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Political Storms Swirl in Cash-Strapped California

Even though there don’t seem to be any major statewide election contests on the horizon, political winds are swirling in California, kicking up dust. Democratic Sen. Dianne Feinstein is up for re-election next year, but so far nobody well-known is running against her. So all eyes are on the governor to see if he can rescue a state in serious trouble.

In a new Field Poll, Democratic Governor Jerry Brown is doing ok — but not great: 47 percent of Californians approve of his performance, while 36 percent disapprove. That’s the second-lowest in history. As the leader in a state that nearly everyone agrees is broken, 47 per cent isn’t too bad. As Field Poll director Mark DeCamillo said, “that’s as good as he could possibly hope for in a bad situation.”

The bad situation and the political storms are mostly about money, and they portend major developments on the horizon for the state and at the ballot box.

The state does not have enough money to cover expenses. It will be $3.7 billion short this season. It is facing automatic spending cuts that lawmakers and the governor agreed to earlier this year in order to get a budget passed. Those cuts come on top of big slashes to the state budget, and are taking their toll on state programs, from welfare and education to state parks. There’s debate on whether the legislature could modify the triggers, but there’s not much inclination to do that.

So Governor Brown’s modest approval ratings could take a major dive, should the “triggers” go into effect and cut services even more.

In several respects, California’s budget dilemmas parallel the national picture. Democrats and Republicans are at loggerheads over taxes and spending, with the GOP refusing to approve any tax increases or public votes on tax increases. The Republicans are distinct minority in the legislature, but they can kill tax measures, which require a two-thirds vote to pass. The state Democrats don’t like the cuts to programs, especially for the poor, but have gone along with the governor in reluctantly supporting them, faced with no other choice — at least for now. But there may be choices coming up.

The fallout from this mess takes many forms. For starters, the legislature is far less popular than the governor: only 22 percent of Californians approve of how lawmakers are doing their jobs, while 62 percent disapprove. (That’s actually better than how they perceive Congress: only 10 per cent of Californians approve of the job they’re doing, while 84 percent disapprove.)

Brown realizes he has got to do something to try to remedy the financial situation, since going to the legislature obviously doesn’t work, and the cuts could be devastating. So very soon he will launch a campaign to put on the ballot a measure to boost revenues by $7 billion over a five-year period, by raising taxes on California individuals making more than $250,000 a year and temporarily raising sales taxes half a cent. Taxing high-income people should be popular, but the sales tax increase could face opposition. California voters have not often looked kindly on tax increases, but this time — some analysts say — the situation is dire. The vote would come next November.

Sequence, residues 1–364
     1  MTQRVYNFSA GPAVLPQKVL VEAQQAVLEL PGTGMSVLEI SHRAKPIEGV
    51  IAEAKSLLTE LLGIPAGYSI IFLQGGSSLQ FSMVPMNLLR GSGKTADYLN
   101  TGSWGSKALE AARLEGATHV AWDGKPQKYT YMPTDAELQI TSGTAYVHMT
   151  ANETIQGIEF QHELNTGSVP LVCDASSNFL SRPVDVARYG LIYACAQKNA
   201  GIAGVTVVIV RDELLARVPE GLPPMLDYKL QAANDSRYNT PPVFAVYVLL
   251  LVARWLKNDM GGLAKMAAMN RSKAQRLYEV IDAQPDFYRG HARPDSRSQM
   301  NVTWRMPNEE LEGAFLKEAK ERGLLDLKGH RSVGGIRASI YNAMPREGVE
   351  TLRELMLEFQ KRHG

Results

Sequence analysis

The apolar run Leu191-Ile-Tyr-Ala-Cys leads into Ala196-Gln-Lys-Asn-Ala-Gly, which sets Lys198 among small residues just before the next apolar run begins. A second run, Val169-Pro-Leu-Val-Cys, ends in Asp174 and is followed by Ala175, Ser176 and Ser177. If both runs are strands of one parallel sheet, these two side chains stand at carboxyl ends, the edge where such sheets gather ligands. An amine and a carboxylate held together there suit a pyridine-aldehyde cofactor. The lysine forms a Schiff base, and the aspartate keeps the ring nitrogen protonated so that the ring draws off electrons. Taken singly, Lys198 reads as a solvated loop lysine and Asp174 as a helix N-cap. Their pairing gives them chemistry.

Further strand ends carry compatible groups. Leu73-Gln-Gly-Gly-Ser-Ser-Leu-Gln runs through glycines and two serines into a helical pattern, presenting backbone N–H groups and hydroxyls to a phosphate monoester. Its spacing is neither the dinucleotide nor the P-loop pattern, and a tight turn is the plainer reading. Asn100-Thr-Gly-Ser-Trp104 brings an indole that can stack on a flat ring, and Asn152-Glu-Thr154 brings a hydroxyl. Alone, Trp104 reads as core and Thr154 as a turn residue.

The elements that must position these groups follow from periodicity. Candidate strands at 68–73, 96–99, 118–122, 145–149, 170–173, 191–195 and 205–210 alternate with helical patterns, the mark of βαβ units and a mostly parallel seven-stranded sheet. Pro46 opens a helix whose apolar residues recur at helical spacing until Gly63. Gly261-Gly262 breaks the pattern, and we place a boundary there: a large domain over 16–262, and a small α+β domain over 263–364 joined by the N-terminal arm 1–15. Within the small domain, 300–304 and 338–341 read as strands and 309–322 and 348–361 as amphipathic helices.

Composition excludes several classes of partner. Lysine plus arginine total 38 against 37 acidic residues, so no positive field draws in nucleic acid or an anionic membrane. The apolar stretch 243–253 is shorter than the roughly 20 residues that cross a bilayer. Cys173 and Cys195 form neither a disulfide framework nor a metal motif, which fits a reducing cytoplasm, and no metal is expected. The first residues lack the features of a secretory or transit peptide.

But complicating the chances for Brown’s plan are several other tax and reorganization measures headed for a vote on the same November ballot, if their proponents can gather enough signatures:

*A group of well-known, mostly wealthy Californians called Think Long, organized by nomadic billionaire Nicholas Berggruen, has proposed lowering the state’s income taxes for individuals and corporations, and imposing a sales tax on services; this would boost revenues by $10 billion, Berggruen and his cohorts say. But will Californians vote to lower taxes for the wealthy?

*The California Federation of Teachers (one of two teachers’ unions) wants to raise taxes for millionaires, with most of the money going to schools.

*Another plan to rescue the beleaguered schools comes from civil rights advocate Molly Munger (with ties to Warren Buffett), which would raise income taxes, except for the poor.

*And Californians for Clean Energy and Jobs is planning to raise $1.1 billion by raising corporate taxes on out of state businesses, to fund clean energy projects.

There are other plans as well — and voters could well be confused by next November’s ballot. Should the economy improve by then, no one knows what the effect on tax measures would be. And that, in turn, could trigger its own backlash to the governor’s proposal.

So while next November’s ballot may not be crowded with races for office (except for president), the fate of California’s dysfunctional government could ride on those impending — and potentially confusing — tax measures that are making their way toward the voting booth, and on the popularity of Jerry Brown, who will have to campaign hard for his proposals — even though he personally won’t be on the ballot.

California’s state capitol building in Sacramento, Calif. Photo by Flickr user Wendy McCormac.

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